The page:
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Iran’s Salt Glaciers
This page contains archived content and is no longer being updated. At the time of publication, it represented the best available science. However, more recent observations and studies may have rendered some content obsolete.
In southern Iran, the collision between the Asian landmass and the Arabian platform has folded rocks and pushed up the rugged Zagros Mountains. In places, underlying deposits of salt have ascended in fluid-like plumes. Some of these plumes have pushed through the rock above, like toothpaste from a tube, and they are now visible as darkish irregular patches. This image shows a few of over 200 similar features—called diapirs, or salt plugs—that are scattered about this part of the Zagros Mountains.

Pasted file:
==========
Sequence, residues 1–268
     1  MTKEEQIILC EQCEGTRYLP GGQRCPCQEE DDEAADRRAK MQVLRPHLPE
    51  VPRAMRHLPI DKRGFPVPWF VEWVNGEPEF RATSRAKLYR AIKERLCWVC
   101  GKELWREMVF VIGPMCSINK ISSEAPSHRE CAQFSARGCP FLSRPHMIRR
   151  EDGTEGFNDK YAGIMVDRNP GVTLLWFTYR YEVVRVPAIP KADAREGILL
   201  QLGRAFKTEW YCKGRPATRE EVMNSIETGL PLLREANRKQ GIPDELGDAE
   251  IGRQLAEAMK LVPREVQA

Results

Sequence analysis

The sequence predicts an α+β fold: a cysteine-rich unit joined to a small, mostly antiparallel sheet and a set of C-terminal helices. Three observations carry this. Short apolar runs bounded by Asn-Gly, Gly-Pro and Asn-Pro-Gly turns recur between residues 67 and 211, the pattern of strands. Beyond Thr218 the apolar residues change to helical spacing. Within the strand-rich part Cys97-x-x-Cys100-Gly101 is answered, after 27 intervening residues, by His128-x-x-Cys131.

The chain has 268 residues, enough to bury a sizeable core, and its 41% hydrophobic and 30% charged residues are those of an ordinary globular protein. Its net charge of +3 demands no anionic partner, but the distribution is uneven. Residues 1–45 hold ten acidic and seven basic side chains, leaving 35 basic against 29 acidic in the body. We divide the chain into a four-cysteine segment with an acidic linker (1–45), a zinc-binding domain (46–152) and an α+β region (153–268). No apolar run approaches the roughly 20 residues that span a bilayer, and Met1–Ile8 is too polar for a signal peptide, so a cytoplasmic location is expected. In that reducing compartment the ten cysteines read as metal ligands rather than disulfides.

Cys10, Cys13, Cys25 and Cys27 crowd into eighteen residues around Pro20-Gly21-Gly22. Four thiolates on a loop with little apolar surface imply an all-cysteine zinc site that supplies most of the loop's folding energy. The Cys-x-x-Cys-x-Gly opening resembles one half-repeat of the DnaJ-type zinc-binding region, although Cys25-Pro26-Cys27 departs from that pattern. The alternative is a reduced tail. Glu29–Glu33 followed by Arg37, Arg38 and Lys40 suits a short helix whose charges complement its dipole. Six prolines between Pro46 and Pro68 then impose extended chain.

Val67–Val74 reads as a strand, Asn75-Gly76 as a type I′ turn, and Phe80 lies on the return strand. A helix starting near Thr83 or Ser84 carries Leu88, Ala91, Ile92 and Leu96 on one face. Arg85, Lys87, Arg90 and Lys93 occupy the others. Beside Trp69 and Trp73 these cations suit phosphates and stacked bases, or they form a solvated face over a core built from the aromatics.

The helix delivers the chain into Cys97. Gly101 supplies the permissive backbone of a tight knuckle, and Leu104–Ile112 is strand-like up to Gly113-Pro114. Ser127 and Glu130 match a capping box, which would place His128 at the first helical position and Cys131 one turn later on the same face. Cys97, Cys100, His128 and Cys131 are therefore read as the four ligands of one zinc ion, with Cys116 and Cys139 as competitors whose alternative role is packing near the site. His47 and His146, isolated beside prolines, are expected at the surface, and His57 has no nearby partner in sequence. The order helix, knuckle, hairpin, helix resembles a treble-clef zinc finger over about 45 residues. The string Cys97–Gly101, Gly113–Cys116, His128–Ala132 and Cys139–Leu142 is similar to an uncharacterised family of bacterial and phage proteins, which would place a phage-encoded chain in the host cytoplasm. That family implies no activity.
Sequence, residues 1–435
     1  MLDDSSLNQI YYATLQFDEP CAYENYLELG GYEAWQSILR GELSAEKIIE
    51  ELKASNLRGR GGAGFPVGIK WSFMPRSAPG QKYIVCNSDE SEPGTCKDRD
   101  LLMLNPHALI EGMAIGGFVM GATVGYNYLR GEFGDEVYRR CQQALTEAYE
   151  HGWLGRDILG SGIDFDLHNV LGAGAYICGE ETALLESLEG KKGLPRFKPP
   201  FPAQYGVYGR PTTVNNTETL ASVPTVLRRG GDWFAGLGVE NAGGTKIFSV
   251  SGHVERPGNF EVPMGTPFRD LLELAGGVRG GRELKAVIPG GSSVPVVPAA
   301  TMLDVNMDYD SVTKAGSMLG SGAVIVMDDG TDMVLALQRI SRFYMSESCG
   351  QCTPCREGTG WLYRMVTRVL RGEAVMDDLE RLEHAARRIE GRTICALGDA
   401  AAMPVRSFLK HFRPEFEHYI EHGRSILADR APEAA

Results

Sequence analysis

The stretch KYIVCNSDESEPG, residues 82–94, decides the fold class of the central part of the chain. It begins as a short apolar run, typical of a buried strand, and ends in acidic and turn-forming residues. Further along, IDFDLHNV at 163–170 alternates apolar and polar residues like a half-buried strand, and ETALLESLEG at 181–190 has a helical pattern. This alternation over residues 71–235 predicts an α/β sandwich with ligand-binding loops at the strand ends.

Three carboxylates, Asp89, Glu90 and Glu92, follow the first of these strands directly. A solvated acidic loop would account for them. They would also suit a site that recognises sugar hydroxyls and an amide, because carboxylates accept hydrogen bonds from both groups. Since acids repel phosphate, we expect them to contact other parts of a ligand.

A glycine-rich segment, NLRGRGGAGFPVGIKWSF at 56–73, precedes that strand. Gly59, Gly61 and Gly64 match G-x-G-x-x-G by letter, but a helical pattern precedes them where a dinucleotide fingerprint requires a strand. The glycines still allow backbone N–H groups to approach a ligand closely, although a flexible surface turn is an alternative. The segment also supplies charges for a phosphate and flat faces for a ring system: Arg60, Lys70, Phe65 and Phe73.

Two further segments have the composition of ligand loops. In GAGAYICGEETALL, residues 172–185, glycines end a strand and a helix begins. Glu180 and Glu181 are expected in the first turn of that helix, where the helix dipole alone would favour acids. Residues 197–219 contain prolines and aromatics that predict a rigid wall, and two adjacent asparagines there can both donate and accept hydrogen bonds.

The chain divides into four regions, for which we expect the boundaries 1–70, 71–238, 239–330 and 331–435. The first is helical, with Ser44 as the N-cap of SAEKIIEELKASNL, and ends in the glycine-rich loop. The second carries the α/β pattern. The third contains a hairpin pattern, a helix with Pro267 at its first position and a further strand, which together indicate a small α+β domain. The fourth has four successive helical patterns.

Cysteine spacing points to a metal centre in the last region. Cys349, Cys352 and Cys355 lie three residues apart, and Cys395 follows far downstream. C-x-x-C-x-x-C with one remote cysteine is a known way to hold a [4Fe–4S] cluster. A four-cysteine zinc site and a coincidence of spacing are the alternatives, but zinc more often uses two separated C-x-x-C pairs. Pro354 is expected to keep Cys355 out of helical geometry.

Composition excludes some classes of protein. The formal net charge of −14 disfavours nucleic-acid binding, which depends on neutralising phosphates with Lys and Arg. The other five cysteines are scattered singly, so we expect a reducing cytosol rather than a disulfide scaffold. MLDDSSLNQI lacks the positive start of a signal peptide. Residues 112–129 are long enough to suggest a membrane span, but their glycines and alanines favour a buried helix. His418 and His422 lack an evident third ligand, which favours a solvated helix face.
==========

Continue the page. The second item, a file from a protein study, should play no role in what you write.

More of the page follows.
Gravity has caused the salt to flow like glaciers into adjacent valleys. The resulting tongue-shaped bodies are more than 5 kilometers long, with repeating bow-shaped ridges separated by crevasse-like gullies and with steep sides and fronts. The darker tones are due to clays brought up with the salt, as well as the probable accumulation of airborne dust. This ASTER perspective view was created by draping a band 3-2-1 (RGB) image over an ASTER-derived Digital Elevation Model (2x vertical exaggeration), and was acquired on August 10, 2001.